Building A Unified Product Team In The Midst Of Accelerated Growth
Building A Unified Product Team In The Midst Of Accelerated Growth
Building teams is difficult for any leader and even harder when the product experiences high growth in a short time.
In this session, Betina will share tactics she has used to grow her team in tandem with their product for maximum benefit. She will talk strategies to:
- Empower Teams With A Unified Vision With Targeted Goals;
- Find The Balance Between Autonomy & Alignment While Keeping Forward Momentum For The Team;
- The Challenges & Learnings She Has Encountered Throughout This Journey and
- What The Future For The Peloton Product Team Looks Like
Betina Evancha, VP of Product Management,Peloton Interactive
Hi, I'm Betina Evancha, and I'm here to talk about building a unified product team in the midst of accelerated growth. I am so happy to be here with all of you.
Okay, so as a quick intro. I am currently the VP of Product Strategy at Peloton. I manage a team of about 50 amazing product managers, analysts, user researchers, and product documentation folks, and Peloton currently has over 6 million members. Also, the number six is the number of years that I have worked at Peloton so it's been a journey.
A few things from that time, as in any long journey, there have been high highs and there have been a few lows. So I'll go through a couple of both. Some of the highs, on the left there you'll see the Peloton tread which is an industry-changing product that truly makes running on a treadmill fun. On the right, you'll see the Peloton guide that is about bringing connected strength to many, many members. And we'll talk about a story there later on today. On the bottom right, you'll see Peloton Lane Break, which is our first gamified experience actually launched this year. And over that time, we have grown the product management team by about 10 times.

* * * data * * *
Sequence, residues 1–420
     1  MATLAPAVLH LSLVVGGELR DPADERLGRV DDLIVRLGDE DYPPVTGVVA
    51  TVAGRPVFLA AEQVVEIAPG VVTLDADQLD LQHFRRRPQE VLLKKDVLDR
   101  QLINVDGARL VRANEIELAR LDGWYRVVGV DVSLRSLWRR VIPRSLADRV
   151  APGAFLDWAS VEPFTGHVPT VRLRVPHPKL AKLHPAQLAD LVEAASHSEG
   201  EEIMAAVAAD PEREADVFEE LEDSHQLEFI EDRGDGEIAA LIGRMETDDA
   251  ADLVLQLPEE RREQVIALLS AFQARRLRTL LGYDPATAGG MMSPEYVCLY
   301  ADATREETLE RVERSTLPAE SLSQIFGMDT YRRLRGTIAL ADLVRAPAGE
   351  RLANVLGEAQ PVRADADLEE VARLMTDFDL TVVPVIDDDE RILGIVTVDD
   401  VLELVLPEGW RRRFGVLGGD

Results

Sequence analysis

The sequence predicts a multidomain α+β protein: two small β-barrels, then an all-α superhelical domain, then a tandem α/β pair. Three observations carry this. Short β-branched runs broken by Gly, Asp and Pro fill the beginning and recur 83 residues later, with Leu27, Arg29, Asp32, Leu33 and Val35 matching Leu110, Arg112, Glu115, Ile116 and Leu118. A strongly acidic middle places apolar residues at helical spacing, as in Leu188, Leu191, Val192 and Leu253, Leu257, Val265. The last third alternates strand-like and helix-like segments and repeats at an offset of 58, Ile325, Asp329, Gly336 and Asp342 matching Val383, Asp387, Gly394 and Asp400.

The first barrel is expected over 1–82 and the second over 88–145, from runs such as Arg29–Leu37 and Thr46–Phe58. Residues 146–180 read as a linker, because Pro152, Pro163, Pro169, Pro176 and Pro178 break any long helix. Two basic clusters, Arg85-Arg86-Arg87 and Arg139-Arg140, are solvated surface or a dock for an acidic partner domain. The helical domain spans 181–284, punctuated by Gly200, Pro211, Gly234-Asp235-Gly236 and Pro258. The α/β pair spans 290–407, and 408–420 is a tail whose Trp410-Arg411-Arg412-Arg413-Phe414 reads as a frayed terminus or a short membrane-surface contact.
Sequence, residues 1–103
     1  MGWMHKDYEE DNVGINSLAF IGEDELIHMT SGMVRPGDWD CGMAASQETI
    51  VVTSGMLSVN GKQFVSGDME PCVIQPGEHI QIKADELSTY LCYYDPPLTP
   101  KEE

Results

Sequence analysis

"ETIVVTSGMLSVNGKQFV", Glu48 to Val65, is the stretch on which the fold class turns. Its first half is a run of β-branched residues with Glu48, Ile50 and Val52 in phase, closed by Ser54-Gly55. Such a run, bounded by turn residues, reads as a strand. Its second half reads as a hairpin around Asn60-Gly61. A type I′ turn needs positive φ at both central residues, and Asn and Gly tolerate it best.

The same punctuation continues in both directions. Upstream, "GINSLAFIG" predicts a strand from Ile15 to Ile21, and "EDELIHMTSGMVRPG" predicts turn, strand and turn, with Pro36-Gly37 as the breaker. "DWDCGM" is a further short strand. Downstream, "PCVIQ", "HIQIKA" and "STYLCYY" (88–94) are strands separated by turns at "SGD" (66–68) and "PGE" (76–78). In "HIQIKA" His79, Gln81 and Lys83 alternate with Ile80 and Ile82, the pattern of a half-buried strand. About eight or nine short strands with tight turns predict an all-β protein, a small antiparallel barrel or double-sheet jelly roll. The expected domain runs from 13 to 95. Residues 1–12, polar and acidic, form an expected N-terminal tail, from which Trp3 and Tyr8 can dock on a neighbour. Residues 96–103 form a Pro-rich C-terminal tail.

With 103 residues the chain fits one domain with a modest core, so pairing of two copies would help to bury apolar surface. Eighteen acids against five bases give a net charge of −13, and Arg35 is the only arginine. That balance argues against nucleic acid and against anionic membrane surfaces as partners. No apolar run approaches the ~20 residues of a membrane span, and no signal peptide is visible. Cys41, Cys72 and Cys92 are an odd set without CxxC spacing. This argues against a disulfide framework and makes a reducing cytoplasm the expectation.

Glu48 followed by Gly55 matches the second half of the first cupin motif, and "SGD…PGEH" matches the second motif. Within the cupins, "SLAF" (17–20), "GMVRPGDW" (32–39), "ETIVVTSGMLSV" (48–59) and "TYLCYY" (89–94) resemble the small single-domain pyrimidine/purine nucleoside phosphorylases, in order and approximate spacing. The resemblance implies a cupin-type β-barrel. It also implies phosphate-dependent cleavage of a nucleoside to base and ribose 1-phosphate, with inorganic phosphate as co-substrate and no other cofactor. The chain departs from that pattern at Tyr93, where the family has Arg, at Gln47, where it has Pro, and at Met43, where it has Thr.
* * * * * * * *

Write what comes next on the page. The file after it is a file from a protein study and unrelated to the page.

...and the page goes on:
So it's been a lot of change, a lot of organizational change, and a lot of great products that we have launched along the way. And then we've also had some challenges. Here are some of the more public ones in kind of PR and social media. But as you can imagine, in any company, you've also got challenges kind of on the day-to-day level. And I'll talk about some of those as we go forward. So I'm here to talk about making mistakes. Does that make you feel a little bit tense because I can feel that it makes me feel a little bit tense, just saying the word or the phrase-making mistakes?
So it's not just you and it's not just me. There's a whole book about it. This is not the only book of course. But the reason that it's so uncomfortable to think about making mistakes is a phenomenon called cognitive dissonance. Basically, holding two ideas that conflict in your head at the same time is painful psychologically. And so you try to resolve it by changing one of the beliefs. In this case, it's something like I am a smart person is one idea, one belief. And the other idea or belief is I did something not so smart, I just made a mistake.
So there are a couple of ways that you naturally try to resolve this cognitive dissonance. The first one is you just try to make the mistake, not conflict with being a smart person. So it wasn't actually a mistake. It looked dumb, but it was actually smart. You could change the subject. So it's not me that it was someone else's fault. Or you could change the verb and say, oh, I didn't do the mistake, I didn't actually have any control over that.